The Secret Book of Flora Lea by Patti Callahan Henry, recommended by Debbie

1939 London – Hazel, 14, and her sister Flora, 5, are evacuated due to the bombings.  They are chosen by Birdie and her son Harry.  Living in a cottage along the River Thames, Hazel distracts Flora by creating a mystical world they call Whisperwood.  One day Flora disappears.  Since she was playing near the banks of the river, it is assumed that she has drowned.  Twenty years later, Hazel comes upon a book written about Whisperwood.  How could anyone know about their secret place?  The author goes by the name Peggy Andrews and lives in America.  Hazel contacts her and sets up a meeting in London.  Meanwhile, Dorothy Bellamy, a journalist, has been trying to get to the bottom of Flora’s disappearance.  Dorothy and Hazel agree to meet Peggy together in London.  How does Peggy know about Whisperwood?  Is Peggy really Flora?  Will Dorothy help solve the mystery?

What the Dead Know: Learning About Life as a New York City Death Investigator by Barbara Butcher, recommended by Megan S.

Barbara Butcher spent 23 years moving up the ranks of the New York City medical examiner’s office, including 9/11. In this memoir, Butcher candidly recounts her experiences: what led her to the job, the haunting and desperate scenes she saw as part of it, and the way she and others around her dealt with it (or didn’t). I’ve read a few books on forensics and criminal investigations, and sometimes they can blur together, but I found Butcher’s memoir frank and interesting throughout. It’s also interesting to read about 9/11 and how different her work was after the attacks. 

The Inheritance Games by Jennifer Lynn Barnes, recommended by Ella

Avery Grambs finds herself in the middle of a dangerous game when an eccentric billionaire leaves her his entire fortune, snubbing his grandsons. The stakes are high for everyone involved. This was a fun and easy read!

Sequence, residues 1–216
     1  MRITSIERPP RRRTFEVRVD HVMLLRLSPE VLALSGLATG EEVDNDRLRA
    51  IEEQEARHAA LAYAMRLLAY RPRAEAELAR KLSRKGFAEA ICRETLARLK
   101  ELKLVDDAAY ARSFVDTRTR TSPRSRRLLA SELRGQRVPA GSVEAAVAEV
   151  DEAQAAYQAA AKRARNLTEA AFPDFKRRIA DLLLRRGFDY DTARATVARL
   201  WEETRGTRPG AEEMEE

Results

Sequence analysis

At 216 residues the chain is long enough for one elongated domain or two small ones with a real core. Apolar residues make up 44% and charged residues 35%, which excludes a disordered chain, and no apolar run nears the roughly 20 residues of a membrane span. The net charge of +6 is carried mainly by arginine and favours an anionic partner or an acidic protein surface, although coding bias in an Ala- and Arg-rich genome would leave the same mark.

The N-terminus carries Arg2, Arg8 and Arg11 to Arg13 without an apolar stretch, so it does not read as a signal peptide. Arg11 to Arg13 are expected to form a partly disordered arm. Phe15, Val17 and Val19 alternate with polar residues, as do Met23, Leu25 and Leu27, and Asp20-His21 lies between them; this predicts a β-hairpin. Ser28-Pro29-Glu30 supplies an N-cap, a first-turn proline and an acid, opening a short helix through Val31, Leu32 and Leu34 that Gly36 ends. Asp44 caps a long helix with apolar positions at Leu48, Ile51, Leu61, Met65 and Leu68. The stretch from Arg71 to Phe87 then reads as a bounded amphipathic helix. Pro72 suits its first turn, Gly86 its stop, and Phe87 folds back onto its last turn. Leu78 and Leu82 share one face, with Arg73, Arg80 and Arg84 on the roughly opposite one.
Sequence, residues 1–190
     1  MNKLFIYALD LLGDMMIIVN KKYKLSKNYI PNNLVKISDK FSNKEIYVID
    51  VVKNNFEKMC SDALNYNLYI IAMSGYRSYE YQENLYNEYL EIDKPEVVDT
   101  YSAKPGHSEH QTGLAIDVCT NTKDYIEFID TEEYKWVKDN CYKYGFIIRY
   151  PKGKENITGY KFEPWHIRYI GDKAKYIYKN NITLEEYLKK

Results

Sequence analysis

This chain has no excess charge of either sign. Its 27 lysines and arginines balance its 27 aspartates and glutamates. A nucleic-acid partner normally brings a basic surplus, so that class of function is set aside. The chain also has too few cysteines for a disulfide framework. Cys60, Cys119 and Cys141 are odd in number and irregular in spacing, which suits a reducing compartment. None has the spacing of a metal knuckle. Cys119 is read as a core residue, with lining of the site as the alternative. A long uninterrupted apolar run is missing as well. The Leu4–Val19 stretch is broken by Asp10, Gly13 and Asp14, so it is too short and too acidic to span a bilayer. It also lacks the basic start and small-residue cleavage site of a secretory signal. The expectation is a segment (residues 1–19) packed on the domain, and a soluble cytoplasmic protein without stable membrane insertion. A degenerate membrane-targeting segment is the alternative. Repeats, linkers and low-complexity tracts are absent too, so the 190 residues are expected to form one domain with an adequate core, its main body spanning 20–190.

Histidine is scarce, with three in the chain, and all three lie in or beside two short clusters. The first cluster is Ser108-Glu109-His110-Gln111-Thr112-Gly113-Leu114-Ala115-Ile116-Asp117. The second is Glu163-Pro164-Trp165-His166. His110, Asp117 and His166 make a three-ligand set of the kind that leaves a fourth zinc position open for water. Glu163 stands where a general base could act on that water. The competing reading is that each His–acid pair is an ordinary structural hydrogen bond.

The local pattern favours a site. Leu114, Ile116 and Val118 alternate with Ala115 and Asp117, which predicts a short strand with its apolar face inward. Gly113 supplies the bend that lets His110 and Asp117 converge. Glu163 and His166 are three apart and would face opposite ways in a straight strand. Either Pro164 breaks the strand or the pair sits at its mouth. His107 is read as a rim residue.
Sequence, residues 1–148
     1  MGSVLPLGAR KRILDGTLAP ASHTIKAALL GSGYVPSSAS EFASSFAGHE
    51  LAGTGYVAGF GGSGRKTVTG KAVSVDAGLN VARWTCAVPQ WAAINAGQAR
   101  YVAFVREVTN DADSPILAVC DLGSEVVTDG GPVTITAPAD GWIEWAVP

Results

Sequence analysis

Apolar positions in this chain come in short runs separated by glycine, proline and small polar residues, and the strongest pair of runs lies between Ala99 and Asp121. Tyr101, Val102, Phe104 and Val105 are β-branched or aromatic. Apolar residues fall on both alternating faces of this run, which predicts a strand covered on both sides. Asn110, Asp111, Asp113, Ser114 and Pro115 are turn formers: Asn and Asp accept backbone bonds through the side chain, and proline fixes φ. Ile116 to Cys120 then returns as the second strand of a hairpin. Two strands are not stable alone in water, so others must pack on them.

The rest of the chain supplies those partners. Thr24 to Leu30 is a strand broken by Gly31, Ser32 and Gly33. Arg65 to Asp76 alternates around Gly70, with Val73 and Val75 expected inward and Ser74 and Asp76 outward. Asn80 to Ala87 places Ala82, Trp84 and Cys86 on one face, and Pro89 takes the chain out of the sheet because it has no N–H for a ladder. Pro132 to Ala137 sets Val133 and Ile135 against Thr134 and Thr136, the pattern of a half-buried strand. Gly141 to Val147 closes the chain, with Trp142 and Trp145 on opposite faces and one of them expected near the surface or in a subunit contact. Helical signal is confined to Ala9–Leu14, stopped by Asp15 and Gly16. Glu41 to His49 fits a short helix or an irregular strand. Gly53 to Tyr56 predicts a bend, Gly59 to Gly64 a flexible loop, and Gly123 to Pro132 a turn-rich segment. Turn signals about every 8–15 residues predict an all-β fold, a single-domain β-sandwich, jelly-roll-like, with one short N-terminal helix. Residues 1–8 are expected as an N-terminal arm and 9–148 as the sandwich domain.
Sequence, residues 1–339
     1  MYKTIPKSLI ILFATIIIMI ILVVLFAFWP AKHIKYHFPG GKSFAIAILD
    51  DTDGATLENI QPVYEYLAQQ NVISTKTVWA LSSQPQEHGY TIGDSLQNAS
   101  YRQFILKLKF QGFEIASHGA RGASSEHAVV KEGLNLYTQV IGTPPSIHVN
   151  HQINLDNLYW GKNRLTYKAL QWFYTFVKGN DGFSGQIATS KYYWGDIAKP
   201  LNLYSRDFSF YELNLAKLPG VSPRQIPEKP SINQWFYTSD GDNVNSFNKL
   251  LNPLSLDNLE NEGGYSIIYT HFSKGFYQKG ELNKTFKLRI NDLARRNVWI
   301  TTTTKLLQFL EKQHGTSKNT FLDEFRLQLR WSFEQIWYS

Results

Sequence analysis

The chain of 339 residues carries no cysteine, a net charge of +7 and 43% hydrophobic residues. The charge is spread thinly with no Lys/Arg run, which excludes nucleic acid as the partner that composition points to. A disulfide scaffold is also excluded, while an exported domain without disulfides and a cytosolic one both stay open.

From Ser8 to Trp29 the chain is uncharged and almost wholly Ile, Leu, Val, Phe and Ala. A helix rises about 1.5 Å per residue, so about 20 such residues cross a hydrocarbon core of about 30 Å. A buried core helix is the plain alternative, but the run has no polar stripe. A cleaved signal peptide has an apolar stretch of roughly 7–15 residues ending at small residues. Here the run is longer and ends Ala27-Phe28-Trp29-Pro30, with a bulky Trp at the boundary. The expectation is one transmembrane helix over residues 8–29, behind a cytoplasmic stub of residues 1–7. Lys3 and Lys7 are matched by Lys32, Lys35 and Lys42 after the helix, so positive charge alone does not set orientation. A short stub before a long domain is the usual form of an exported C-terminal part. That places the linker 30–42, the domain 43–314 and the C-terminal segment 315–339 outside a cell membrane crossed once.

Tom Lake by Ann Patchett, recommended by Karen

Have you ever wondered about the lives your parents lived before they became your parents?  Do you think you know everything about them and their lives prior to your arrival?  In the novel Tom Lake, the main character’s daughters wonder about these things… and ask their mother while staying at home at the family cherry orchard in Michigan during the pandemic.  The stories are told in both present and past timelines, going back and forth to weave an interesting tale of love, life, choices made, and family.   While the author’s geography of Michigan is a bit off, the writing is well done and the story flows nicely, mirroring the play “Our Town.” 

December Staff Pick: The Bookbinder by Pip Williams

In World War I-era Oxford, twin sisters Peggy and Maude work in the book bindery for the university press. They live a simple life on a canal boat, always together, but Peggy wants more. This book explores the nature of knowledge, class, and gender; the war is a backdrop as we follow Peggy’s growth over the course of several years. She studies, works, volunteers with the war wounded, works with Belgian refugees, makes new friends, and falls in love. Members of our staff book club enjoyed this novel, saying it’s full of unique perspectives. We felt we learned a lot from the novel’s setting (both historical and physical) and the bookbinding work that the sisters do.